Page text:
Do they make one eyed readers? Will I have to get prescription readers?
 

AxelAnnie

Like a small boat on the ocean...
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This is something that had always terrified me. Are you going to get laser surgery? I did after I watched the video. I have to say, it corrected for the astigmatism, and my vision is so good, that I only need my glasses for reading small things.

Good luck.
 

Aceon6

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Thanks for the input! It helps a lot. 👍 Some followup questions:

If I go with the tried and true long distance, will I be able to use my other naked eye for closeup work or will the corrected eye screw that up?

Do they make one eyed readers? Will I have to get prescription readers?
I only had one eye done, but I already needed low power readers, so I didn’t have the option of trying to let my unoperated eye do more work. My ophthalmologist advised waiting 6 months before a final decision on glasses/contacts so I had the left lens of an old pair of glasses replaced with reader only while I waited. That cost about $40 if I remember correctly. At 6 months, I had a comprehensive exam and got a new script.
 

Spun Silver

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This is something that had always terrified me. Are you going to get laser surgery? I did after I watched the video. I have to say, it corrected for the astigmatism, and my vision is so good, that I only need my glasses for reading small things.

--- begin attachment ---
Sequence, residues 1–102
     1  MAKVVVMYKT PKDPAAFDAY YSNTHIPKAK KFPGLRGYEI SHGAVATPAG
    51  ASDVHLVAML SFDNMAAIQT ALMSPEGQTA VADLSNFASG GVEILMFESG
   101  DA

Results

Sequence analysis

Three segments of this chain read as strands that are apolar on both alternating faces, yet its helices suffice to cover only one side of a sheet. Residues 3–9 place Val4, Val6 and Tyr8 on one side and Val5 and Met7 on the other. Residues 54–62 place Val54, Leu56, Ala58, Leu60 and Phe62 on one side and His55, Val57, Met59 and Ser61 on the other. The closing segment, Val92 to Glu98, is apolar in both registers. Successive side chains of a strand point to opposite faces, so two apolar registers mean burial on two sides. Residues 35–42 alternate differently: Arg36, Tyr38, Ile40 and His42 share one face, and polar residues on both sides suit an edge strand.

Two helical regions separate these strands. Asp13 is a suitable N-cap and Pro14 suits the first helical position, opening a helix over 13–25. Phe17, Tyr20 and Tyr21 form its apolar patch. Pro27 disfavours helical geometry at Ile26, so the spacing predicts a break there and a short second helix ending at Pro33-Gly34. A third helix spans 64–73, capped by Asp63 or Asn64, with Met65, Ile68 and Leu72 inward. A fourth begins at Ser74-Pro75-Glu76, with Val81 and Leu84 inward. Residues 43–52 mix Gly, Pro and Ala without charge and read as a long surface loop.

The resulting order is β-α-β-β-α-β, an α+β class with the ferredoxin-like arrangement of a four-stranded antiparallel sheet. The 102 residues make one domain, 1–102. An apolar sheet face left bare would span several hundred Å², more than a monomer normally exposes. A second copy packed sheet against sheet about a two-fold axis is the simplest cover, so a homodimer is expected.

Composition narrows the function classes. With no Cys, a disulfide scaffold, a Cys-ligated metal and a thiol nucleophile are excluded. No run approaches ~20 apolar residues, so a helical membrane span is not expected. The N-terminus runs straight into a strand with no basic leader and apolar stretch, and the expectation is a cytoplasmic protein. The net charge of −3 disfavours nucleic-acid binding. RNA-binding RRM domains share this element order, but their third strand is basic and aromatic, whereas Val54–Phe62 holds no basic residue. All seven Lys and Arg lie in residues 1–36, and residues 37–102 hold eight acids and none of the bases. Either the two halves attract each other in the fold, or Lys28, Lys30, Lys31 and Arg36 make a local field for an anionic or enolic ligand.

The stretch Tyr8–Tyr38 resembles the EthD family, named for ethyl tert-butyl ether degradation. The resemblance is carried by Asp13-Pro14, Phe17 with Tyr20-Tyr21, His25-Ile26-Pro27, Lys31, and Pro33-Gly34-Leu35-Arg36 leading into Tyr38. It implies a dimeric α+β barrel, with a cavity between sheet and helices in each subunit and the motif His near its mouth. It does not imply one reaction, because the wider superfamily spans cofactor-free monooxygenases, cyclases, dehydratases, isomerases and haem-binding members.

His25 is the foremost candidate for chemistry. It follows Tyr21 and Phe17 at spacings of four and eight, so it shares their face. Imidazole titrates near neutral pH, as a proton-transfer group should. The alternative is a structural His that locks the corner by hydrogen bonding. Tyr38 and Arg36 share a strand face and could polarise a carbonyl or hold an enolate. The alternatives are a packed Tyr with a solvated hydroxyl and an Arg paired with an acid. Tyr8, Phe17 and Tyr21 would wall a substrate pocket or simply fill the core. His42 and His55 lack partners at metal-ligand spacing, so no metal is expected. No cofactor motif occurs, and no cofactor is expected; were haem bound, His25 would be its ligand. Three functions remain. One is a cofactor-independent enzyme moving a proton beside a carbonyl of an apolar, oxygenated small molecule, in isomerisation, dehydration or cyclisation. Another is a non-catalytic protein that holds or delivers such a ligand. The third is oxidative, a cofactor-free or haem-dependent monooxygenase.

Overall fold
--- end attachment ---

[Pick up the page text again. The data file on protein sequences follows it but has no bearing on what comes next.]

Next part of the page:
Good luck.
I forgot to ask how the surgery is done 😐 so I don't know if it's laser surgery. Probably. It's not Lasix though (getting rid of nearsightedness) - I have never had the nerve for that. I'm glad it turned out well for you! Do you use readers or prescription glasses for reading small print?

My surgery is cataract removal and replacement of the eye's lens. It's fairly commonplace and low-risk, but not no-risk, so I appreciate the good wishes. :)
 

Aceon6

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I forgot to ask how the surgery is done 😐 so I don't know if it's laser surgery. Probably. It's not Lasix though (getting rid of nearsightedness) - I have never had the nerve for that. I'm glad it turned out well for you! Do you use readers or prescription glasses for reading small print?

My surgery is cataract removal and replacement of the eye's lens. It's fairly commonplace and low-risk, but not no-risk, so I appreciate the good wishes. :)
The procedure is called phacoemulsification. There’s no laser involved in the typical procedure. Once the cataract is gone, they slide the lens in. You should be able to see clearly in 24 hours. You might see flashes of light while the brain gets used to the new lens. That feeling goes away fairly quickly.
 

JasperBoy

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Are you only having surgery on one eye? They usually do both, about 6 weeks apart.
I had both eyes done 10 years ago, corrected for distance and astigmatism. I used readers for close work but now have progressives as well. I am still delighted with the outcome.

This Fall my husband had both eyes done. He hates to have his eyes touched and also has macular degeneration. His surgery went perfectly and he had correction for distance. A month after his second eye was done he got new prescription glasses but uses readers for close work. Like me, he is very happy with the outcome.